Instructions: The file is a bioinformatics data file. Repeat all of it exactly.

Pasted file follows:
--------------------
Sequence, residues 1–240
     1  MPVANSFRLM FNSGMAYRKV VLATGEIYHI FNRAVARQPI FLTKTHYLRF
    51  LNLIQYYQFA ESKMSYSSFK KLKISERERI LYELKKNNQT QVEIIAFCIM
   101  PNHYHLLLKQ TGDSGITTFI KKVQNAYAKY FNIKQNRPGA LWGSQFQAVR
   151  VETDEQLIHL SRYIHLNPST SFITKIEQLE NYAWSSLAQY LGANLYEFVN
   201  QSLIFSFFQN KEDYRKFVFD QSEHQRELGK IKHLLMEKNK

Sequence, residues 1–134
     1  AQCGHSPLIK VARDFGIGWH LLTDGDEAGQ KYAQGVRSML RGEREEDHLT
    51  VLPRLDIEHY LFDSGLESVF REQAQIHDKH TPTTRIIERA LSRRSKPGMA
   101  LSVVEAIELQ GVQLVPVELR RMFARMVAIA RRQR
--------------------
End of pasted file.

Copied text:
Sequence, residues 1–240
     1  MPVANSFRLM FNSGMAYRKV VLATGEIYHI FNRAVARQPI FLTKTHYLRF
    51  LNLIQYYQFA ESKMSYSSFK KLKISERERI LYELKKNNQT QVEIIAFCIM
   101  PNHYHLLLKQ TGDSGITTFI KKVQNAYAKY FNIKQNRPGA LWGSQFQAVR
   151  VETDEQLIHL SRYIHLNPST SFITKIEQLE NYAWSSLAQY LGANLYEFVN
   201  QSLIFSFFQN KEDYRKFVFD QSEHQRELGK IKHLLMEKNK

Sequence, residues 1–134
     1  AQCGHSPLIK VARDFGIGWH LLTDGDEAGQ KYAQGVRSML RGEREEDHLT
    51  VLPRLDIEHY LFDSGLESVF REQAQIHDKH TPTTRIIERA LSRRSKPGMA
   101  LSVVEAIELQ GVQLVPVELR RMFARMVAIA RRQR